Canada's Housing Bubble

Analysis of the real estate bubble in Canada --

Home Equity Bubble Bursts Print E-mail

Oct 03, 2010 Frank Simon

If you've owned your own home for a number of years, you've built up some equity as your mortgage is paid down.

You've come to rely on this equity to eventually sell your home, pay-off the mortgage, and retire.

Or maybe use your equity to pay off those pesky 19.9% credit cards or 10% car loans.

Yup, the last number of years have been great for equity accumulation.

But something happened on July 1 of 2010.

The demand for housing stopped.

The home equity bubble burst.

Interest rates were at their lowest in history, yet mortgages couldn't be given away.

The dreaded HST happened in Canada's two largest housing markets, both at the same time.

After years of a booming housing market, it all came to and end with a thud.


There's no demand for housing left.

The real estate pundits politely talk of a housing bubble or correction.

After all, doesn't "bubble" sound much better than "CRASH"?

But when there is no demand, prices go down.

Sometimes they come crashing down rather quickly...not gently with bubbles.

Houses that sold in days will now take weeks or months to sell, unless the price is drastically reduced.

All this makes people uncomfortable.

It creates confusion, and even uncertainty.

Economic Uncertainty Stinks

People HATE uncertainty.

We do not like house prices going down, when they've increased for years.

When there is an EXPECTATION of increased prices...and it doesn't happen.

They hate when the Bank of Canada increases interest rates for three consecutive months to "eliminate excessive stimulus", when in fact we see NO excess stimulus in our neighbourhood.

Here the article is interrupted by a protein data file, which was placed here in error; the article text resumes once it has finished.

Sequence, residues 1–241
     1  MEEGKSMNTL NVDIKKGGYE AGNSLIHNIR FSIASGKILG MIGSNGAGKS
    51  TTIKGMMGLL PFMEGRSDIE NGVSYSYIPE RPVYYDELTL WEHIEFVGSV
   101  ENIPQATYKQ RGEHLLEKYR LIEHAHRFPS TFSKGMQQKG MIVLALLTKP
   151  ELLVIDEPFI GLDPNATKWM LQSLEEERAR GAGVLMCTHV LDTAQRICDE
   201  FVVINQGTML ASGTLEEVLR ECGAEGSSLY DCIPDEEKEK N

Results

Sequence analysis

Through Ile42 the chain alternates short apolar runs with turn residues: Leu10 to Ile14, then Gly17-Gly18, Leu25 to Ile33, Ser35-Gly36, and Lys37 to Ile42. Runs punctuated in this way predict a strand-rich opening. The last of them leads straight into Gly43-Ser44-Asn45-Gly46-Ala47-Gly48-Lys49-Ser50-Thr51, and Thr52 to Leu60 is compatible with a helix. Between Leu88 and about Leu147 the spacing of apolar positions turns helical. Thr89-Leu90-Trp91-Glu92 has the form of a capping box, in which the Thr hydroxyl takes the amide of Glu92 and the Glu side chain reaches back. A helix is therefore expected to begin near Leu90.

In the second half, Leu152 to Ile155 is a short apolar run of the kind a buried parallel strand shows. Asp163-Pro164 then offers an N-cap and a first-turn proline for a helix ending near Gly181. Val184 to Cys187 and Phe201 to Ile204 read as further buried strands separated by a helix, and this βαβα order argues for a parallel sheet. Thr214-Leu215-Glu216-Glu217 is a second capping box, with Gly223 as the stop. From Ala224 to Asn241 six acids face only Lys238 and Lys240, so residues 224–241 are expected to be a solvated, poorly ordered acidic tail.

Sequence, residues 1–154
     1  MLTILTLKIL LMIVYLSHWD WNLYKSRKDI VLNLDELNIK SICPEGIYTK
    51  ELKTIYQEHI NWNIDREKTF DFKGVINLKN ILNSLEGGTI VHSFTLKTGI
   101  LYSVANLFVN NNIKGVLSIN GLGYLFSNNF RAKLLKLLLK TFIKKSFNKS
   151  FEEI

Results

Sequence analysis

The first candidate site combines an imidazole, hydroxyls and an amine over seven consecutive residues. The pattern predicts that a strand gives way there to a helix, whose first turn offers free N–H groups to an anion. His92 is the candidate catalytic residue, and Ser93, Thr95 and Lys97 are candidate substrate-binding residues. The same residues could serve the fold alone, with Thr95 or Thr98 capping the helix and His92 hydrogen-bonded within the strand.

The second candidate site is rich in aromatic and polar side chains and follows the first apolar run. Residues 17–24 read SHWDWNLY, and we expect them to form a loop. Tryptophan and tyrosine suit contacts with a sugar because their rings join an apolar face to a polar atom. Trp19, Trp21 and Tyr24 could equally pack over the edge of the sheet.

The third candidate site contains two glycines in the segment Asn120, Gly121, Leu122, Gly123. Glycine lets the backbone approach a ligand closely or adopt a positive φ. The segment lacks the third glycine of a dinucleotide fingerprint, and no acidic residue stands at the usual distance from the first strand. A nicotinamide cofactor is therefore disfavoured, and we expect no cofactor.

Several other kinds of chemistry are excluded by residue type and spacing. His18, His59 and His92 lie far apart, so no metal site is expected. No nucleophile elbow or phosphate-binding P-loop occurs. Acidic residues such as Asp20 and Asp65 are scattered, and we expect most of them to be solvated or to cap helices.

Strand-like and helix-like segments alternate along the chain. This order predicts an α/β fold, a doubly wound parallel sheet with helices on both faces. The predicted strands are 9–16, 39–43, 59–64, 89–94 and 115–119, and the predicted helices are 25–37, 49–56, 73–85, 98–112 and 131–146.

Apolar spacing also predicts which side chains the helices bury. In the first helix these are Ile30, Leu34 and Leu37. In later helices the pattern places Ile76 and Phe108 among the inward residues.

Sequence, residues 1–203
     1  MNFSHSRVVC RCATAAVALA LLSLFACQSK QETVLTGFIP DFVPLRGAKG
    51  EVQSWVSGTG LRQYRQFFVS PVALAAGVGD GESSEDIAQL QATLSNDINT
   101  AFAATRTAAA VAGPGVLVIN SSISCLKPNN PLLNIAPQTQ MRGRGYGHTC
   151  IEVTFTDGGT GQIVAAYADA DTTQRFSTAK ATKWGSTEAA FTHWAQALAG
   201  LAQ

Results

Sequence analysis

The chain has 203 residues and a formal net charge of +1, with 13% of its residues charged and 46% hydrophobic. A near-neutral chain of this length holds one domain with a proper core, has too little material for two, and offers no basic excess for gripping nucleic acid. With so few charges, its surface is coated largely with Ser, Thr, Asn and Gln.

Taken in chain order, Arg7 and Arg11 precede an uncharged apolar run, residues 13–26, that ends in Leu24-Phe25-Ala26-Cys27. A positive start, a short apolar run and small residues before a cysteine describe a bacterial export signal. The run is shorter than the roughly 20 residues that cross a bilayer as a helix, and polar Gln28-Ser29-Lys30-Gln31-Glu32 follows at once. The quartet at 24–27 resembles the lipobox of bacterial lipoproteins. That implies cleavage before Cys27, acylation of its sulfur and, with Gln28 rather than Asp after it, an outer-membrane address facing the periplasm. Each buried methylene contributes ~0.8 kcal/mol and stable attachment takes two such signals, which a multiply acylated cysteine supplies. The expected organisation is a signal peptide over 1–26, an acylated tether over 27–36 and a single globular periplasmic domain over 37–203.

When there is talk of inflationary pressures, yet the inflation rate goes down.

When house prices decline which actually creates a DEFLATIONARY environment.

Do the Minister of Finance and the Governor of the Bank of Canada even live in this country?

Victoria mortgages the same as Vancouver and Toronto?

Whether you have Victoria mortgages, or your home is in Langford, Colwood, Vancouver, Toronto or Calgary, your house price is going down.

So now what to do you ask?

Scenario 1. High equity + large debts. I advise you to pull out as much equity as possible, as quickly as possible. Pay off those high interest debts with a low interest mortgage. Refinance the existing mortgage or take out a Home Equity Line of Credit (HELOC). Do it now, before your equity totally disintegrates.

Scenario 2. Low equity. My advice to people that entered the market with 5 or 10% downpayments is to hold on to your hats & adopt a very long term perspective. There is a good chance that your house has declined in value to the point where you are in a negative equity position. House prices will rebound in a number of years down the road, so be patient.

Scenario 3. Don't own a house. My advice is to keep saving for that downpayment, but do nothing for the next 18 to 24 months as house prices continue to decline.

As always, if I can be of help any where across Canada, just give me a call at 250-818-9776 begin_of_the_skype_highlighting 250-818-9776 end_of_the_skype_highlighting.

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